The WSJ is reporting that Daniel Tarullo has submitted a resignation letter and will be departing the Fed Board in early April. This is an interesting resignation in light of the recent regime change in Washington. One narrative of the Trump administration has been “deregulation.” The WSJ notes that one of the two (now three) vacancies on the Fed Board is the vice chairman position, which is “in charge of bank oversight.” Tarullo took up the regulatory tasks in the absence of the chairman.
Tarullo is an Obama appointee, whose term is not supposed to expire for another 5 years. But since he had become the go-to man for regulatory matters and Trump is expected to pick his own preference for the vice chairman position, there was likely to be a budding conflict within the Fed. His exit creates a much simpler environment for the Trumpians to pursue their goals. Whether or not there is actual deregulation or another government sham under the label of deregulation remains to be seen. What is important is the extent of the regime change.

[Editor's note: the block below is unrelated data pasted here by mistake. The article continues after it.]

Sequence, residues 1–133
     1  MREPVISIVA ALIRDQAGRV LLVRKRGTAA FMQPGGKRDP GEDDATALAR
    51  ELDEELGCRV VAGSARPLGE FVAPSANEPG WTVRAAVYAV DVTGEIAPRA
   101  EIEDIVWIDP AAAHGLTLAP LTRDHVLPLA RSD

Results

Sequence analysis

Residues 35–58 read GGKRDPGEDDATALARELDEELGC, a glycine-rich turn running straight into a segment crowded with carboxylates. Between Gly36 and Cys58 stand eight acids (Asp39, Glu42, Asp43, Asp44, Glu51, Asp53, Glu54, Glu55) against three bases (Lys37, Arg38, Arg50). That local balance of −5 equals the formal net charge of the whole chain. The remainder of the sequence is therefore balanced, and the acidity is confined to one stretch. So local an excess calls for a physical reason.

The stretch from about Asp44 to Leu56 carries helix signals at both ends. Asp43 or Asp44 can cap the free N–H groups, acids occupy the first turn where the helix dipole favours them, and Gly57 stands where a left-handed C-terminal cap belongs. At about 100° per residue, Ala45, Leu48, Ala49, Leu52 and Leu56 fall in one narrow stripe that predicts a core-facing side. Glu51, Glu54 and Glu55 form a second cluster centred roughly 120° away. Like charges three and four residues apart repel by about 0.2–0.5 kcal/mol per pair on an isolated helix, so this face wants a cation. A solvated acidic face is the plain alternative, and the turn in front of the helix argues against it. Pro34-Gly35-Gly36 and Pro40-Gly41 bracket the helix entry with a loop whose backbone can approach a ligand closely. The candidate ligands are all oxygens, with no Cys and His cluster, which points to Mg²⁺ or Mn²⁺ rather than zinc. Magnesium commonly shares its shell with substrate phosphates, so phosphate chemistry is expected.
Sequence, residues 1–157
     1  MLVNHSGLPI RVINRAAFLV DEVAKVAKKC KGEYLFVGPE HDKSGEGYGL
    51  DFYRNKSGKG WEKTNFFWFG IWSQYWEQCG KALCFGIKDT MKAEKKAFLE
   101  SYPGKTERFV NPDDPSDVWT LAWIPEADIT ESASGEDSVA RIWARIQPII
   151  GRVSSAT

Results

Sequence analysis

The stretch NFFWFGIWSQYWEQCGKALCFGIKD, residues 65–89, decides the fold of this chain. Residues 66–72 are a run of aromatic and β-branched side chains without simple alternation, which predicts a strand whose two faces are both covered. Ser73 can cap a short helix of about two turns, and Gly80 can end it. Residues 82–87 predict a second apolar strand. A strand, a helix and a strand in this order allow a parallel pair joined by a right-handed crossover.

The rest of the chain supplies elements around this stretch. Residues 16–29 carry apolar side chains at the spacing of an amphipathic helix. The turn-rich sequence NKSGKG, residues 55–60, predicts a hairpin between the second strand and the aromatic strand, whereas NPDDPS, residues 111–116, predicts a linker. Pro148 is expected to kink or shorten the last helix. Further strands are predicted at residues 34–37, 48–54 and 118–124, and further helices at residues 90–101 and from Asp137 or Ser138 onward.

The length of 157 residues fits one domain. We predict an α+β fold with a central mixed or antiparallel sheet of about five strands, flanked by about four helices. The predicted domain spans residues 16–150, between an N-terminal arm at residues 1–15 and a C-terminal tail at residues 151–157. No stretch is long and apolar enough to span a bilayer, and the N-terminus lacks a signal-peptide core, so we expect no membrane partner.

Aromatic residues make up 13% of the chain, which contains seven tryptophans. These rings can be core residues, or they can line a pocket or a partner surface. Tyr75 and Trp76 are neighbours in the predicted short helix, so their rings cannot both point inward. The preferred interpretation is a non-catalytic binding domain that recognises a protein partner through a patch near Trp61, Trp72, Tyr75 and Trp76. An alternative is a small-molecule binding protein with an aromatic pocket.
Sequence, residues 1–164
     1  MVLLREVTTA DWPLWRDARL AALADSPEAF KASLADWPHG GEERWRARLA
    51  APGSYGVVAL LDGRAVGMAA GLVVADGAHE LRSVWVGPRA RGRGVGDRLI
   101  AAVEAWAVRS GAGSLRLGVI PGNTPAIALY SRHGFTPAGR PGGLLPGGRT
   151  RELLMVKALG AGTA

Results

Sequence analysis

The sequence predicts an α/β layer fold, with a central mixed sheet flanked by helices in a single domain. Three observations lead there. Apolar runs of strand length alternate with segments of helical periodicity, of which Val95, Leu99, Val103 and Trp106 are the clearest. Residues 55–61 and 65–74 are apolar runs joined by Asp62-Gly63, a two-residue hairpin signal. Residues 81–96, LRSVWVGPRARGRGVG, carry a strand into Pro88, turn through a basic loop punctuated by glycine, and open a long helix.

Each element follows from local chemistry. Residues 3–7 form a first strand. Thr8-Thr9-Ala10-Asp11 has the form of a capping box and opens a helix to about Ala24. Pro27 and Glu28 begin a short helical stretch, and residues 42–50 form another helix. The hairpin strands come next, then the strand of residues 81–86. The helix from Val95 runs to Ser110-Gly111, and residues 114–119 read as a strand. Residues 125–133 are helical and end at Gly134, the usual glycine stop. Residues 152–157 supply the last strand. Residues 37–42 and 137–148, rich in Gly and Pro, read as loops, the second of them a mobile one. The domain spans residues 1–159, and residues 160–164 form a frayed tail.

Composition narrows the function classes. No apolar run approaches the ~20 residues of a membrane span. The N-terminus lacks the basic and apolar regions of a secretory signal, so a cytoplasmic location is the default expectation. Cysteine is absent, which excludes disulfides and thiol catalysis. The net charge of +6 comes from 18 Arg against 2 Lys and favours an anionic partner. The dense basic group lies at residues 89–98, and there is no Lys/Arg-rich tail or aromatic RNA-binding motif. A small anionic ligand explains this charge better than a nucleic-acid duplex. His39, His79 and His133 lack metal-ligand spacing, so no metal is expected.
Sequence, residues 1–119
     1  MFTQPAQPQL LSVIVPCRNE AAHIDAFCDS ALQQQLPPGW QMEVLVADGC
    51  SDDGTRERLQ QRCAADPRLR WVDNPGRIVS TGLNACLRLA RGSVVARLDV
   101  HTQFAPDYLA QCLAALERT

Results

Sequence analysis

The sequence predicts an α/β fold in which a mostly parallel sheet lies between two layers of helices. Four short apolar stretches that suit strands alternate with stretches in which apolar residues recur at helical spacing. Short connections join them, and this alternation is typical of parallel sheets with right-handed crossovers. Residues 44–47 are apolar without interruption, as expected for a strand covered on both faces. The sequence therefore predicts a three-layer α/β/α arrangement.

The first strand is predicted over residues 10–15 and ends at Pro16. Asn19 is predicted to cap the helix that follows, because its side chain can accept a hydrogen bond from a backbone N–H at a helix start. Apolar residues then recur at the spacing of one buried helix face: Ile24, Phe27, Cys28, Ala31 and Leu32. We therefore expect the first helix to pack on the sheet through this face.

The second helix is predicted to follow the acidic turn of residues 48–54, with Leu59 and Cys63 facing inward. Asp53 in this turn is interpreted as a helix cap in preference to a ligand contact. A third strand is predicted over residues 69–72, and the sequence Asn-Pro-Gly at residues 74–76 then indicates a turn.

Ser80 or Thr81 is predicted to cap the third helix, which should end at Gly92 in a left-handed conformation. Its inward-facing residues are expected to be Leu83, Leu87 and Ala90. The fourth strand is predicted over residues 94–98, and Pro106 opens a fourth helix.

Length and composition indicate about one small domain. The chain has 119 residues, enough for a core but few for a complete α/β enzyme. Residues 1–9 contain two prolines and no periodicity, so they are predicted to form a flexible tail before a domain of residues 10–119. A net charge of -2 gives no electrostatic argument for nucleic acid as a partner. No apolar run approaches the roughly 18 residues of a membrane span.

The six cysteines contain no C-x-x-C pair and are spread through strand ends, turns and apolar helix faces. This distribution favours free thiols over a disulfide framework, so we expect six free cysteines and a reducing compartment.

This news comes on the the heels of another Fed man – general counsel Scott Alvarez – who made his own retirement announcement earlier this week. Alvarez has a long history at the Fed, but most relevant to the deregulation theme is this from a WSJ piece several years ago:
He was at the center of efforts to stabilize the financial system in 2008, and has fiercely defended the Fed’s role and its authority to provide support for big banks during the crisis. Mr. Alvarez also has played a key role in writing the new rules implementing Dodd-Frank, which was aimed at protecting the system from future crises.
This post was published at Ludwig von Mises Institute on Feb 10, 2017.